Age and sex composition, biometrics, site fidelity and origin of Brambling Fringilla montifringilla wintering in Norfolk, England.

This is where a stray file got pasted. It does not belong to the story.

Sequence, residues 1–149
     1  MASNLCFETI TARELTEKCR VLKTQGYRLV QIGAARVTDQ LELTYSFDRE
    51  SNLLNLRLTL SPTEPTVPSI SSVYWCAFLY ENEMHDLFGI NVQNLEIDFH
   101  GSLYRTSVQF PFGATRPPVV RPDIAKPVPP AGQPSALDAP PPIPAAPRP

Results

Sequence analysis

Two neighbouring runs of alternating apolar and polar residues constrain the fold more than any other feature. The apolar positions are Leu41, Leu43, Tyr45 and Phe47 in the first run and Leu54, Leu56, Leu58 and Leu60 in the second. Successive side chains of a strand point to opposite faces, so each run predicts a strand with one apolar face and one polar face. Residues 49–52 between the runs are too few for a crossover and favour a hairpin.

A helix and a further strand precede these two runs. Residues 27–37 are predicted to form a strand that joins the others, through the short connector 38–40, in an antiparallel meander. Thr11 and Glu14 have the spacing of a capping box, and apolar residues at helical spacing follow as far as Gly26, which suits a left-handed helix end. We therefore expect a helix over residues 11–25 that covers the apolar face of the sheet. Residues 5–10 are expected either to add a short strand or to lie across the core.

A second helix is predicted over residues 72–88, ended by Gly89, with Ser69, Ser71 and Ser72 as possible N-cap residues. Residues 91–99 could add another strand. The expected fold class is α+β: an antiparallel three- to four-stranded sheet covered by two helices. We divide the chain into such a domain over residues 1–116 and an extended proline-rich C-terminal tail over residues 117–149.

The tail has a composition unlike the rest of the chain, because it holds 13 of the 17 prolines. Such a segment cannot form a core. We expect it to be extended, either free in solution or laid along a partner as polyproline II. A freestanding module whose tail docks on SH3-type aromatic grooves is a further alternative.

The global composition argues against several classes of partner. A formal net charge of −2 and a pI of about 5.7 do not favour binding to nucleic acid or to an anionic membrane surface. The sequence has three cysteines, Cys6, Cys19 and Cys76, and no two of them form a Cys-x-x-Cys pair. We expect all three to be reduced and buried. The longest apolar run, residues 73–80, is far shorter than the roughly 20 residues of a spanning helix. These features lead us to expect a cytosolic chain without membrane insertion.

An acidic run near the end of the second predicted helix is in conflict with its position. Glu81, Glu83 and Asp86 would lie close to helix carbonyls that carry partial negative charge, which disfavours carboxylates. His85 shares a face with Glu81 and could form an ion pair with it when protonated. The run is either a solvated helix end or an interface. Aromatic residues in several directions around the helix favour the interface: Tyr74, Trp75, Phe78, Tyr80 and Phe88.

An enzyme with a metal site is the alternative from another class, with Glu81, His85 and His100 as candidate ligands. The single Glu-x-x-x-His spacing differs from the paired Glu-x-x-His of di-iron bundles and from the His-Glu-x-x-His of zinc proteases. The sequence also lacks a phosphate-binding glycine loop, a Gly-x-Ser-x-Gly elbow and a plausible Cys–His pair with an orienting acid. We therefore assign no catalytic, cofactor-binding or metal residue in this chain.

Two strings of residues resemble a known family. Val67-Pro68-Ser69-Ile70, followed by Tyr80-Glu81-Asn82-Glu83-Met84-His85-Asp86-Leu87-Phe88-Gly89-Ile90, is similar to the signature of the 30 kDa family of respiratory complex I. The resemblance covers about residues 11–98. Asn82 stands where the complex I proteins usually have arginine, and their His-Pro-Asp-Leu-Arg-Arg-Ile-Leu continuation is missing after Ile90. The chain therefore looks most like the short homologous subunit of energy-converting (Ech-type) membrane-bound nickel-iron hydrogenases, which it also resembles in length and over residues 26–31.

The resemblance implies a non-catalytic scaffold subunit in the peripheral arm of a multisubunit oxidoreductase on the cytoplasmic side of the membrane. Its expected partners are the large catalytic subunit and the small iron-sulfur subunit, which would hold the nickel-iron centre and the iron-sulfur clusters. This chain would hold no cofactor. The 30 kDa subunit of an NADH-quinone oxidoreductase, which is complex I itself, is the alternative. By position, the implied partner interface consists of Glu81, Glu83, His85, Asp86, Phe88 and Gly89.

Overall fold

We analysed data collected from approximately 2,600 Brambling Fringilla montifringilla caught while attracted to artificial food at a site in Norfolk, England over seven winters. The age and sex composition of trapped birds varied between winters in relation to the total number of birds caught, but no systematic pattern was apparent. During invasion years, when a higher number of birds were present on the study site, the proportion of males was higher. In any one winter, 38-70% of the Brambling were male and 63- 86% were juvenile. Very few adult females visited the study site. Males had longer wings than females, by an average of 5-6 mm and the wings of adults averaged 1-2 mm longer than juveniles. There was sexual dimorphism in body weight, with males being on average 2 g heavier than females. Adults were on average 1 g heavier than juveniles. Within winters, mean body weights were higher in warmer months. Between winters, there was significant variation in wing length and body weight, which may have been associated with variation in the geographical origin of the birds or food availability. Approximately 70% of juveniles had undergone a partial moult of the greater coverts, with an average of between 2.7 and 3.4 old greater coverts being retained. Annual variation in the progression of moult was probably due to food availability and weather conditions on the breeding grounds or where the juveniles moulted. The mean proportion of Brambling retrapped within-winters was 5.7% (range 0-15%) and there was no evidence to suggest that site fidelity was different in invasion years. Recoveries of ringed birds suggest that Brambling over-wintering in Norfolk originate from Scandinavia and pass through the Low Countries on migration.